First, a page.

LOGGING THE BRULE RIVER
“We abuse land because we regard it as a commodity belonging to us. When we see land as a community to which we belong, we may begin to use it with love and respect.”
— Aldo Leopold
“I am the Lorax. I speak for the trees. I speak for the trees, for the trees have no tongues.”
— Dr. Seuss in “The Lorax”
The Brule River State Forest is going through a 15-year Master Plan review. It is also dealing with a state mandate to increase the available acreage for logging. Is this the best use of our public forests? Is it good for the health of the forest? Is it what you would like to see done with our public resources?
In 2015 the Republican controlled Wisconsin legislature passed ACT 358 that directs the DNR to designate 75% of the northern state forests as primarily for logging. The DNR has seven resource management categories; Forest Production, Habitat, Native Community, Special, Recreation, Scenic, and Wild Resource Management. The law requires that the northern state forests collectively adjust these categories so that at least 75% is designated as Forest Production. The Brule River State Forest (BRSF) has had a high percentage of acreage in Native Community management. To meet the overall goal the BRSF will have to change about 14,000 acres to Forest Production from the other management categories.
The designated management category only states the primary management objective of that part of the forest. This does not mean that 75% of the forest acreage must be logged. Areas may have multiple management objectives. Also most of the seven management categories are logged even though that is not the primary management objective. Non-forest production areas are logged if they have mature trees or for other management reasons. Other factors like controlling erosion or protecting an endangered species may limit logging within an area. Logging may be done to promote a specific species or remove an undesirable species.
BRSF has about 47,000 acres. Currently about 11,000 acres are in Forest Production with about 30,000 in Native Community and 2000 in Habitat management. Only 8691 acres are off limits to logging. Most of this is a scenic corridor along the river and a number of smaller biologically sensitive or important areas. This will change to 25,000 acres for Forest Production with Native Community dropping to 15,000 and Habitat to 623 acres. Even with these changes, local staff say the total number of acres logged each year will not increase because of the 75% mandate. Historically about 600 acres per year are logged. In 2014 this increased to 1100 acres. This is only about 2% of the total forest acreage.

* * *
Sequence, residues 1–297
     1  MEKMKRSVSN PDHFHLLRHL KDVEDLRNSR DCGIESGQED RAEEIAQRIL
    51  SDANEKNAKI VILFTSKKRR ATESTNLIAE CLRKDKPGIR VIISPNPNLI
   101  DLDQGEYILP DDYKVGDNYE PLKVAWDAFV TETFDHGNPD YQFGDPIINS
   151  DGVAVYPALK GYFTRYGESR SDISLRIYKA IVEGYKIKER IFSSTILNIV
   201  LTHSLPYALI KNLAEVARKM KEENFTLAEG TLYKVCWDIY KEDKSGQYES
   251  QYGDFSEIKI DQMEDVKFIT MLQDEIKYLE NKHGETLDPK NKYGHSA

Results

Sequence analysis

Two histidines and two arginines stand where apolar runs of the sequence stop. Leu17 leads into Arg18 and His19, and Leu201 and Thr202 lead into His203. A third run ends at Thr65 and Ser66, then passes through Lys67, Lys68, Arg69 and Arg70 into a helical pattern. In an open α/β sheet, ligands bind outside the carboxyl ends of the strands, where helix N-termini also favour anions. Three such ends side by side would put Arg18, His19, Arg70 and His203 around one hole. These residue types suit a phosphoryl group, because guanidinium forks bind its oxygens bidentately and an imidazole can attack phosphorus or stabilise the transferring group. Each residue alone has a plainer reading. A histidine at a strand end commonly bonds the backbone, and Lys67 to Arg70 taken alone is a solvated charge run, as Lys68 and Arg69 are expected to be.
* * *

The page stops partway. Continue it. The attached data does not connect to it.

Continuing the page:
This may seem like a very small amount for logging. But forests grow over long time periods. Logging 1000 acres per year in a 40,000 acre forest means everything is logged in 40 years. Aspen can mature in 30-40 years. But other species like white pine, oak, and maple take much longer. Mature old growth forests can take centuries to develop. If all you want is aspen (which is currently by far the dominant species in the BRSF at 21,500 acres) 2% logging works. If you want a diverse, multi-age, multi-species forest ecosystem it doesn’t work. If you want to have big pine, spruce, hemlock, oak, and maple it doesn’t work. If you want to manage for high quality, high value lumber instead of pulp, it doesn’t work. If you, like Aldo Leopold, think not everything is a commodity and economic return is not the only goal, managing 75% of our public resources for logging has many problems.
How you define multiple use is an issue. Are we managing for real multiple use with a good balance for conservation, habitat protection, and non-extractive uses? Or are we managing for a few economically valuable resources and a few select game species? Too often multiple use has meant everyone else being allowed to use what is left after the loggers got the hog share. Only recently have small areas been set aside exclusively for other uses. Multiple use management should include ALL the species that make up a healthy forest (fungi, invertebrates, birds, under story plants, etc.). We should foster a mixed species, mixed age forest and ultimately move toward creating more old growth forests.
Why doesn’t the BFSF have some areas in wilderness? Why not promote old growth in more acres? The forest could become a world class tourist destination. The Brule already is for trout fishing. Why not for huge eastern white pines? People come from all over the world to see the big redwoods, sequoias, and rain forests of California and the Pacific Northwest. Even if economic value is the primary goal, old growth has advantages. In the long run you can make more money off high quality mature lumber trees than pulp.
Another issue is the arbitrary 75% mandate. This figure is the result of political influence. It was not arrived at by careful study of the needs of the forest or any scientific forest management criteria. This is clearly illustrated by reading the news reports. Just prior to the change the logging industry was complaining about the high cost of stumpage. Increasing the available stumpage by harvests on public land would tend to lower prices. The politicians in Madison responded with the mandate shortly after the logging industry complained.
We need a broader understanding of and appreciation for the environment. As Aldo Leopold believed, we need to realize that we are part of nature. Nature isn’t a commodity just for our use. If you hike, ski, camp, canoe, hunt, or fish in our state forests, you need to speak for the trees and all the other plants and animals forgotten in the rush to make money off our public forests.